On the stovetop, reheat frozen, thawed, or refrigerated mashed potatoes in a pot, over low to medium heat. Stir occasionally until they’re heated through. If needed, add more butter, milk, and/or seasonings.
To reheat frozen or thawed potatoes in the oven, transfer them to a covered dish and bake them at 350°F for 15-20 minutes or until they’re warmed through.
The microwave is excellent for reheating potatoes. Place the frozen or thawed leftover mashed potatoes in a microwave dish equipped with a lid. Reheat at half power in intervals and give them a good stir in between.
Butter and seasonings can be added once they’re cooked through.
The slow cooker is also an option but it works best if the potatoes have been thawed or refrigerated. Transfer the potatoes to the slow cooker and add a bit of milk and/or butter if needed. Reheat them on medium-low and give them a good stir every 15 minutes until they are hot.
What To Serve With Mashed Potatoes
Mashed potatoes go well with so many dishes from cuisines all over the world. Beef, chicken, pork, seafood, and even vegetarian mains pair wonderfully with mashed potatoes.
Instant pot ribs and mashed potatoes make the perfect couple and they’re always met with excitement in my family!
If you need more inspiration, check out these main dishes that go well with mashed potatoes. The creamy spuds are even more enjoyable when paired with new and exciting mains!
No. Cooked, mashed potatoes can last 3-5 days in the fridge, if stored correctly. Even if there are no visible signs of spoilage, after 7 days, they’re no longer safe to eat.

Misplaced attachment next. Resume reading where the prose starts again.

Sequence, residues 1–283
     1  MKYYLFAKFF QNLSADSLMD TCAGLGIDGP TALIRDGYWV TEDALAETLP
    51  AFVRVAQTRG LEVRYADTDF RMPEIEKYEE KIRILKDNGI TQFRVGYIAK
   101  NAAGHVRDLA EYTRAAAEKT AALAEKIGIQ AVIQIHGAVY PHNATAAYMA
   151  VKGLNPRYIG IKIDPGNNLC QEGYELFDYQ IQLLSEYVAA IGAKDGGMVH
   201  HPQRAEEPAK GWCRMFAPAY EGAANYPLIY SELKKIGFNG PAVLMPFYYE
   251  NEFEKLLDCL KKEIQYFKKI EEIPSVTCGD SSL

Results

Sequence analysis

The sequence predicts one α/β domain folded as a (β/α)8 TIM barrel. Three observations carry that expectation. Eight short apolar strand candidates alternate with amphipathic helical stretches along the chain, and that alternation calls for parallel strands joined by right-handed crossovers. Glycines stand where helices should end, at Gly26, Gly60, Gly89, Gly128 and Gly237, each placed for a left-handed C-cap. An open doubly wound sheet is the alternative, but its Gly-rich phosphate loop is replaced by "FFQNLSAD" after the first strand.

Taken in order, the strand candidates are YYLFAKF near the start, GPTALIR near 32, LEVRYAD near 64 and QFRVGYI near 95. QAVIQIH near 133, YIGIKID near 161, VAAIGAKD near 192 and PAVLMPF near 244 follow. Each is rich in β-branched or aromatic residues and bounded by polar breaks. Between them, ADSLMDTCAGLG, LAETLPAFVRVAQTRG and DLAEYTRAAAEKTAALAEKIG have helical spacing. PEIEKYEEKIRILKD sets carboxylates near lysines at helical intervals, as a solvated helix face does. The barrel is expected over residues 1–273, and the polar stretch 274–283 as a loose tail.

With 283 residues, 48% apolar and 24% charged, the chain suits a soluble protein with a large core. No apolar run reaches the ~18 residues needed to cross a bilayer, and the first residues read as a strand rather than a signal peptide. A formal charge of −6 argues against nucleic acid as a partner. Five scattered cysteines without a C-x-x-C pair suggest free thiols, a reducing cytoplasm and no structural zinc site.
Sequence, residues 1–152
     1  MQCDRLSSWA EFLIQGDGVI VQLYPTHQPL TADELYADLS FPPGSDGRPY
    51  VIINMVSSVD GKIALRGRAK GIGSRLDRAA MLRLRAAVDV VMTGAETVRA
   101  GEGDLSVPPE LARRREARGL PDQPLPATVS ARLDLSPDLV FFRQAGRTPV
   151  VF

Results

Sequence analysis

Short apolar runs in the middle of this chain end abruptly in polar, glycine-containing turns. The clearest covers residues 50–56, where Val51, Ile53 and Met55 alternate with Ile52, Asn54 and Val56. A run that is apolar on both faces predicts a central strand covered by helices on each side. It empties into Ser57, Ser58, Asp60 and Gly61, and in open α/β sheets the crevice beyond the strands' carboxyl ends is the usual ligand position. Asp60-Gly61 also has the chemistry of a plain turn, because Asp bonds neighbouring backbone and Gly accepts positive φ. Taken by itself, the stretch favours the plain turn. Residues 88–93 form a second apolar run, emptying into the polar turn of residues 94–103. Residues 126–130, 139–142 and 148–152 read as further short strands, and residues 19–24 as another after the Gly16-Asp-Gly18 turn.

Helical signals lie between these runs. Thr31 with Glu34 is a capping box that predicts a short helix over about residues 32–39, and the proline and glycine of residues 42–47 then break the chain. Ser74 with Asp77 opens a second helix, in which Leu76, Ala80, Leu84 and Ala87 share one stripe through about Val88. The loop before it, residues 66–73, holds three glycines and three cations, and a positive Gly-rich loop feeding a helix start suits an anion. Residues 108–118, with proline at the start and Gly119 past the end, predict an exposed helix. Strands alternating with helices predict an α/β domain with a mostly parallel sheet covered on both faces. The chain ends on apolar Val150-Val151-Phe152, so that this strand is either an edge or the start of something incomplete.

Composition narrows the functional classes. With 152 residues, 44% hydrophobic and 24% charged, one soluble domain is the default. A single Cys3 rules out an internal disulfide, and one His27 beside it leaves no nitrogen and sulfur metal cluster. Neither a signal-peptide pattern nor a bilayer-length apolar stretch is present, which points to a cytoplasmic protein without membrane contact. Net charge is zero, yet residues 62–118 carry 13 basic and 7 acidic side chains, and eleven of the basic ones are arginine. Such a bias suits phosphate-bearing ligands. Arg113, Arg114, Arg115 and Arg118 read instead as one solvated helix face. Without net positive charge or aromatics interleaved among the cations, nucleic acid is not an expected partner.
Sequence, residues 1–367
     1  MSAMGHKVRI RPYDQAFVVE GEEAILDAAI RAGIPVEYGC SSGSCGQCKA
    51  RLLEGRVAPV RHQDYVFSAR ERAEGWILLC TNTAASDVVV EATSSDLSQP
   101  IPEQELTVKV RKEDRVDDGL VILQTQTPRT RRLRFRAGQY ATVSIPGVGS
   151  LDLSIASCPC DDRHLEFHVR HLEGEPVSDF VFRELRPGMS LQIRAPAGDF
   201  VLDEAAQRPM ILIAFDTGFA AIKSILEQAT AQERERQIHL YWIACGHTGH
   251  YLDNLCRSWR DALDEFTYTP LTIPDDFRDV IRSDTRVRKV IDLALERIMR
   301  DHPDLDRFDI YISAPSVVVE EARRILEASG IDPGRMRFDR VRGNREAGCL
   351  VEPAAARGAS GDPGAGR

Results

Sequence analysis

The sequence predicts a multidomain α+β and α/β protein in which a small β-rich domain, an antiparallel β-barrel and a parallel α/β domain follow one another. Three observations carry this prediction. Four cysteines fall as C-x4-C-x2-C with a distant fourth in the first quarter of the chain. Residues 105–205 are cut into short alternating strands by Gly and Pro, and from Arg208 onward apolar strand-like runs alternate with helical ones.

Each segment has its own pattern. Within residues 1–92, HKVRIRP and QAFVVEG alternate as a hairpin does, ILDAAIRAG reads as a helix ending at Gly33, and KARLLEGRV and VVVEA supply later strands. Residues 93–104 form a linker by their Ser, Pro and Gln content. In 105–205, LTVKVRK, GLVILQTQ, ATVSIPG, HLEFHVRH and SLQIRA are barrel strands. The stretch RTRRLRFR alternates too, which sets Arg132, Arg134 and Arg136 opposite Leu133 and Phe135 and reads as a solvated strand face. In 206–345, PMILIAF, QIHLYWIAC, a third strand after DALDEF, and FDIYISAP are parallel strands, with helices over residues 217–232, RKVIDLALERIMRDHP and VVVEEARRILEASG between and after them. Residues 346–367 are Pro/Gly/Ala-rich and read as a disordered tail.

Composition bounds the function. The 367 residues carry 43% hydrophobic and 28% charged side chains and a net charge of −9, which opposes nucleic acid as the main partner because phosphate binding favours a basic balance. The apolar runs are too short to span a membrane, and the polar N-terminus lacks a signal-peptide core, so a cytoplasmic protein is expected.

If you want to store mashed potatoes for more than 5 days, freezing them is the best option.
Mashed potatoes with sour cream will last for 3-5 days in the fridge, just like mashed potatoes made with milk and butter.
If they smell sour, that’s a sign of spoilage and should be discarded.
Raw, peeled potatoes can be stored in the fridge, in a bowl of water for up to 24 hours.
Make sure there’s enough water in the bowl so the potatoes are fully submerged to prevent oxidation.
The process of thawing can release some liquid as the mashed potatoes thaw. If your mashed potatoes are runny after reheating, simply cook them a little longer until the extra moisture evaporates.
Unless you added too much sour cream and they tasted sour when fresh, it’s a clear sign they have gone bad.
Milk and dairy products develop a sour smell and taste when they go bad. Mashed potatoes containing dairy will get this sour flavor when they are spoiled.
In this case, the safest option is to throw them away.